Book Review: Phantoms in the Brain

The featured book is ‘Phantoms in the Brain’ by Sandra Blakeslee and V.S. Ramachandran. As Blakeslee and Ramachandran are both authors, I wasn’t sure what the contributions were by each although in the Acknowledgements section, Ramachandran thanks Blakeslee, a science writer for helping to make the book more accessible suggesting the role that each has played. Ramachandran has a lot of experience in the field of neuroscience research which is relevant to this book. Ramachandran shows  versatility in writing a fascinating account of a number of psychiatric illnesses and aspects of psychological functioning (e.g. visual perception) from an inquisitive neurobiological perspective. Along the way he weaves disparate themes and illustrative cases into the narrative. Ramachandran’s explanations of cases of Capgras, Charles Bonnet and  Couvades syndrome are thought provoking and offer a paradigmatic shift that can be applied to other areas. For instance, with Capgras syndrome, Ramachandran proposes that there a disconnection between the amygdala and temporal cortex leads people to lose the the feeling of familiarity they experience when they see people close to them. Particularly interesting is Ramachandran’s use of mirrors to investigate a number of phenomenon. The book is named after the ‘Phantom Limb’ with which he also uses mirrors in order to ‘trick’ the brain into remapping areas involved in perception. His approach to the phantom limbs has been widely reported and has even permeated popular culture. As there is some similarity to Oliver Sack’s interests it is fitting that Sacks writes a foreward to Ramachandran’s book. Ramachandran has a very distinctive style which also reflects his inquistive approach, a belief in using ‘low-tech’ experiments and seeking a cause for the unusual . In each chapter he takes us on a journey filled with insights. For instance in ‘The Unbearable Likeness of Being’ he writes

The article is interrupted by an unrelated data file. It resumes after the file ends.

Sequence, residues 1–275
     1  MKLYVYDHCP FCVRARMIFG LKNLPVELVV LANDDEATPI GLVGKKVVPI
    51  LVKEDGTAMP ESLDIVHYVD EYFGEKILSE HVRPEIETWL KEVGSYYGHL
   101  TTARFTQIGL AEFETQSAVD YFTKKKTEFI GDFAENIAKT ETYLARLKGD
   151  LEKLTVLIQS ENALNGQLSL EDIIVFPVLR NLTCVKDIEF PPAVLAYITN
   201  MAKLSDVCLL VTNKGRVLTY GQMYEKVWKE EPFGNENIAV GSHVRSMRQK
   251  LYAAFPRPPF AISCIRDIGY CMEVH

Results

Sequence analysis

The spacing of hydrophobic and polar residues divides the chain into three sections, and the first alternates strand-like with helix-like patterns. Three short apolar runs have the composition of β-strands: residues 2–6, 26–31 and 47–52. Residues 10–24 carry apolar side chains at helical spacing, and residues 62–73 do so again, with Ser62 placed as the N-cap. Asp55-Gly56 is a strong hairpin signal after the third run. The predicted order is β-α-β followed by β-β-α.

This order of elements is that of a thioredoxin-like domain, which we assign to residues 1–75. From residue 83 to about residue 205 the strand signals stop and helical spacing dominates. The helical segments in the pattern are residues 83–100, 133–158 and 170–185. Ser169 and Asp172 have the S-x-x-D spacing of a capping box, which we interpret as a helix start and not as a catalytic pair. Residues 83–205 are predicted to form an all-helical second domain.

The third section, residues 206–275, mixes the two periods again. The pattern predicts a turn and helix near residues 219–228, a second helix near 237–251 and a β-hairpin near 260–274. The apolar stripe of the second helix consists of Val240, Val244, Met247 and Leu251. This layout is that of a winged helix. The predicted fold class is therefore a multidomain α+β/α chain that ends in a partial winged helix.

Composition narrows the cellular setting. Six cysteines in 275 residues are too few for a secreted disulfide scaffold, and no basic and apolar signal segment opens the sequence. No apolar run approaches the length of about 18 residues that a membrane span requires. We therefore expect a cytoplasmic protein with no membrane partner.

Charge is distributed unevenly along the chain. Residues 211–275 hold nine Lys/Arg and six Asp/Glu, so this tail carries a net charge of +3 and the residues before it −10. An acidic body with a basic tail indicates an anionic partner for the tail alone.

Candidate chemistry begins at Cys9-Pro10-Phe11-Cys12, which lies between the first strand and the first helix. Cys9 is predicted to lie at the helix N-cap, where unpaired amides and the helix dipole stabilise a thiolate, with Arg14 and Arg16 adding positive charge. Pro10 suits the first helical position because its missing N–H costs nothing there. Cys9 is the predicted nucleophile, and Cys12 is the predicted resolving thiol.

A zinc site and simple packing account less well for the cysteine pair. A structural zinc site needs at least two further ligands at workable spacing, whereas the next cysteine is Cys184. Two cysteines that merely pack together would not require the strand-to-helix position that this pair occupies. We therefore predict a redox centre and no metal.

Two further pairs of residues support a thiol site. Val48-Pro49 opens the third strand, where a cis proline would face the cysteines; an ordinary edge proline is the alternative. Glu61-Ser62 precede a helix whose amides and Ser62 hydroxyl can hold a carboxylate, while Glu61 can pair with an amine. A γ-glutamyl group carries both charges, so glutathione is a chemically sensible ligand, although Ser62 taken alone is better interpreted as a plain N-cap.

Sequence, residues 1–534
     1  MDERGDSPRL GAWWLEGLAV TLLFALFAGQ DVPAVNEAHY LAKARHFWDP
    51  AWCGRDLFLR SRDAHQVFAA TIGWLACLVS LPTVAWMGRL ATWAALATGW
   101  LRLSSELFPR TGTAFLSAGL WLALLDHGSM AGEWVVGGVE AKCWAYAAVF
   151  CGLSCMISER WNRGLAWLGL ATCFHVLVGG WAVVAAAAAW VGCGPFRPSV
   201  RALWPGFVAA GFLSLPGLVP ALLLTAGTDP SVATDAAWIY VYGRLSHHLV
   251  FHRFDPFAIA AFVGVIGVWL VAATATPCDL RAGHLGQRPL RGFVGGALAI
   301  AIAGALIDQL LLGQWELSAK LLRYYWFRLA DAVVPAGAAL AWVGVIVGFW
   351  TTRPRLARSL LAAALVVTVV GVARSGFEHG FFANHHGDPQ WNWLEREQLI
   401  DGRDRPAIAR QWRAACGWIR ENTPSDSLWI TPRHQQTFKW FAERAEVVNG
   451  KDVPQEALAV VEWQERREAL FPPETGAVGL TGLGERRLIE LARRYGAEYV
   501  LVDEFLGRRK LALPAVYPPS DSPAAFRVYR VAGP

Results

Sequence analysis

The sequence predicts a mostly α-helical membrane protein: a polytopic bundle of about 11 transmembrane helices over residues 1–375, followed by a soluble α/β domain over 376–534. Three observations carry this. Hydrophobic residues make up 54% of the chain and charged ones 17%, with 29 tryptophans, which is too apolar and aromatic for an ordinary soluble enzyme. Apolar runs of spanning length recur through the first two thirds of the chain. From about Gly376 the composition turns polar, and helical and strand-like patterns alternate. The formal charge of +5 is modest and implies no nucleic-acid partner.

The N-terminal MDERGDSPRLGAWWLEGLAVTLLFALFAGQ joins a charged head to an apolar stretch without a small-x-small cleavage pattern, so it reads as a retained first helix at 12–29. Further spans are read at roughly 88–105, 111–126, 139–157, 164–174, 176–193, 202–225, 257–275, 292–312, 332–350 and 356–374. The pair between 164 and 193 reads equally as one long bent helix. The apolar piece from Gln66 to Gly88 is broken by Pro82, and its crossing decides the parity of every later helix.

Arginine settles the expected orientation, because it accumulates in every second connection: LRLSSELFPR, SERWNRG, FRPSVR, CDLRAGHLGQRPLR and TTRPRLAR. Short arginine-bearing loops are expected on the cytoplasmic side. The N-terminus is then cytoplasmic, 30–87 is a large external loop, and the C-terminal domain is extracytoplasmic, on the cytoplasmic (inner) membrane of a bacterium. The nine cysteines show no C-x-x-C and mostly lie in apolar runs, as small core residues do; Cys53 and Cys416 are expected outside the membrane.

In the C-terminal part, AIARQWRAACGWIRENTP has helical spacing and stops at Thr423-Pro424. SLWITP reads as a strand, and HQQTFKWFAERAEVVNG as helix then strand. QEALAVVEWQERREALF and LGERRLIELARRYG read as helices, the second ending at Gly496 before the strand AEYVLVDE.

This idea teaches us an important principle about brain function, namely, that all our perceptions – indeed, maybe all aspects of our minds – are governed by comparisons and not by absolute values

‘Phantoms in the Brain’ is a fascinating ‘tour de force’ of neurobiology which focuses on a number of psychiatric conditions and offers powerful insights into how some of these may arise.


Sandra Blakeslee and V.S.Ramachandran. Phantoms in the Brain. Harper Perennial. 2005.


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The comments made here represent the opinions of the author and do not represent the profession or any body/organisation. The comments made here are not meant as a source of medical advice and those seeking medical advice are advised to consult with their own doctor. The author is not responsible for the contents of any external sites that are linked to in this blog.


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